"No one ever thinks that! No one ever thinks they’re Umbridge!"
I’m really interested in the question of discernment. I think of this scene from one of your books. It was “Harry Potter in the Order of the Phoenix,” where Hermione, the hero, and Professor Umbridge, who was clearly in the wrong, have this showdown in class. Hermione says in a moment of defiance that she disagrees with something in her textbook and Umbridge berates her like, who are you to disagree with this expert who wrote this textbook and punishes her. Now to anyone reading this, it is so frustrating and unjust. But I venture to say that no one thinks they are the Umbridge.
After Rowling's quick outburst, quoted above, Phelps Roper continues: "And some people see you as the Umbridge. You have these younger critics online and they see Hermione as standing up to an older person with power and they see themselves as standing up to you."
Rowling: "Yeah. And I understand because they’ve told me very explicitly. Why they have an interpretation?!"
Phelps Roper: "How do you know if you are a Hermione or an Umbridge?"
Well, if you’re having a lot of fun doing it and getting a huge sense of self satisfaction out of it, then I do believe you maybe want to stop and think, “am I getting a huge ego rush out of this?” That would be a good question to ask yourself. You know, is this giving me pleasure? Because I can say from my heart none of this has given me pleasure. It has given me anxiety. It has made me at times feel vulnerable. So although I don’t regret anything, I’ve had concerns from my family’s safety. Some of the threats have not been too amusing to me. There has been fallout in my life inevitably. I still don’t regret standing up, but it certainly hasn’t given me pleasure on any level.
That last remark of Rowling's reminds me of Saul Alinsky's "Rules for Radicals" — Rule #6 to be exact:
The sixth rule is: A good tactic is one that your people enjoy. If your people are not having a ball doing it, there is something very wrong with the tactic.
But Rowling's rule — which is emphatically not a rule for radicals — is: If you're enjoying a tactic, stop and question yourself.
A corollary rule: When your antagonists seem to be enjoying themselves, know that they are embarrassingly stroking their own ego.
"Women are the only group — to my knowledge — that are being asked to embrace members of their oppressor class — unquestioningly, with no caveat."
Said J.K. Rowling, interviewed in Chapter 7 — "What If You're Wrong?" — of the podcast "The Witch Trials of J.K. Rowling."
AND: Here's the full transcript, which I'm delighted to see. I wanted to highlight the part where Rowling agonizes over the politics of the left wing, which she wants to be a part of. It's very difficult without a transcript. The interviewer, Megan Phelps Roper, prompts: "There are a lot of critics who say, you and your comments are giving fuel to the right."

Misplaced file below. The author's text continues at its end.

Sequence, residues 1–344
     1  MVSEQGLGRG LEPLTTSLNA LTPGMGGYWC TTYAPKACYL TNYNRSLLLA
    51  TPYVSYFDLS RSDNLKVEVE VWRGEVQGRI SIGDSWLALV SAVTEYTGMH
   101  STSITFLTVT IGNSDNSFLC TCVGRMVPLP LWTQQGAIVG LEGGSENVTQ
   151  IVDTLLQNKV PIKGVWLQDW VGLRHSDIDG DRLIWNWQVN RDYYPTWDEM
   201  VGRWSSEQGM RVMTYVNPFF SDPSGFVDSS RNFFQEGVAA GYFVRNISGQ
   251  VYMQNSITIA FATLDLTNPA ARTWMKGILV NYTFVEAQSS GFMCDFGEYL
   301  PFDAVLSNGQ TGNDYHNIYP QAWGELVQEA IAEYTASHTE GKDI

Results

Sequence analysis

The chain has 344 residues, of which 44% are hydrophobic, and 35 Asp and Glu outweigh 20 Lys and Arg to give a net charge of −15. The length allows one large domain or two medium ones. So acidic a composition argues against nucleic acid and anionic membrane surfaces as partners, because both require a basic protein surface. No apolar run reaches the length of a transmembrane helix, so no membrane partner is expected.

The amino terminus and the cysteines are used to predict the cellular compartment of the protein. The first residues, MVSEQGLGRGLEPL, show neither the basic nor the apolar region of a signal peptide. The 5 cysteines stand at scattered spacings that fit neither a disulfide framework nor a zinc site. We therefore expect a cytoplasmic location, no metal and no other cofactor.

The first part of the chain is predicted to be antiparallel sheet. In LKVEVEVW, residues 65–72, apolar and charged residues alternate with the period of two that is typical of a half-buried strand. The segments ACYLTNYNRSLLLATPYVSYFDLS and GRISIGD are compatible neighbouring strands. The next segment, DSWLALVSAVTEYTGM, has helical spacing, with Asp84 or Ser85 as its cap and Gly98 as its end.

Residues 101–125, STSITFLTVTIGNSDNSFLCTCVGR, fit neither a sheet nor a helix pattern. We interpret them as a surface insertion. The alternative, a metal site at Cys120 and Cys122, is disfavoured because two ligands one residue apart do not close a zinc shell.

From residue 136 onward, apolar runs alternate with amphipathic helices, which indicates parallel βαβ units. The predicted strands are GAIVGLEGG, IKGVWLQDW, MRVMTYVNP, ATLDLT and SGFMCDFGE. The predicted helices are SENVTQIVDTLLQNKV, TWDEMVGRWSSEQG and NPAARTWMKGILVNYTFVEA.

Well, my answer would be, I think you’re giving fuel to the right. This is why many left-wing feminists in particular are sitting with their head in their hands. The right has wanted for years and years, not all of the right, but certainly the further the right and the religious right, have wanted to castigate the lesbian and gay and bisexual movement as is inherently degenerate and part of the left’s broader degeneracy.
When you defend the placing of rapists in cells with women, you are handing the right a perfect opportunity to say, you see, we told you the moral degeneracy that would result if you say homosexual relationships are okay, and I think for many leftists, for many feminists, we are despairing of the fact that people are, in our view, colluding with a deeply misogynist movement, which is benefitting, politically speaking, the far right.
And I worry very deeply that, as the left becomes increasingly puritanical and authoritarian and judgmental, we are pushing swathes of people towards not just the right, it’s pushing them to the Alt Right.
She said "Alt Right." I've corrected the transcript here and below. ("Alt Right" was mistranscribed as "OutRight").
That’s what scares me, that particularly young men, when they’re being told everything in the world is their fault, and they have no right to a voice, and they are everything that is wrong with society. It is, unfortunately, a human reaction to go to the place where you will be embraced, and if the only place where you can make a joke or be accepted is a place that is full of poisonous ideas, then you’re likely to go there, particularly when you’re young.
So I think that the left is making a tremendous mistake in espousing this kind of, in my view, quasi-religious, incredibly sort of witch hunting behavior, because there will be people who will just feel when they’ve been shamed and abused, and they feel it was unfair, where are they going to go? That worries me very deeply.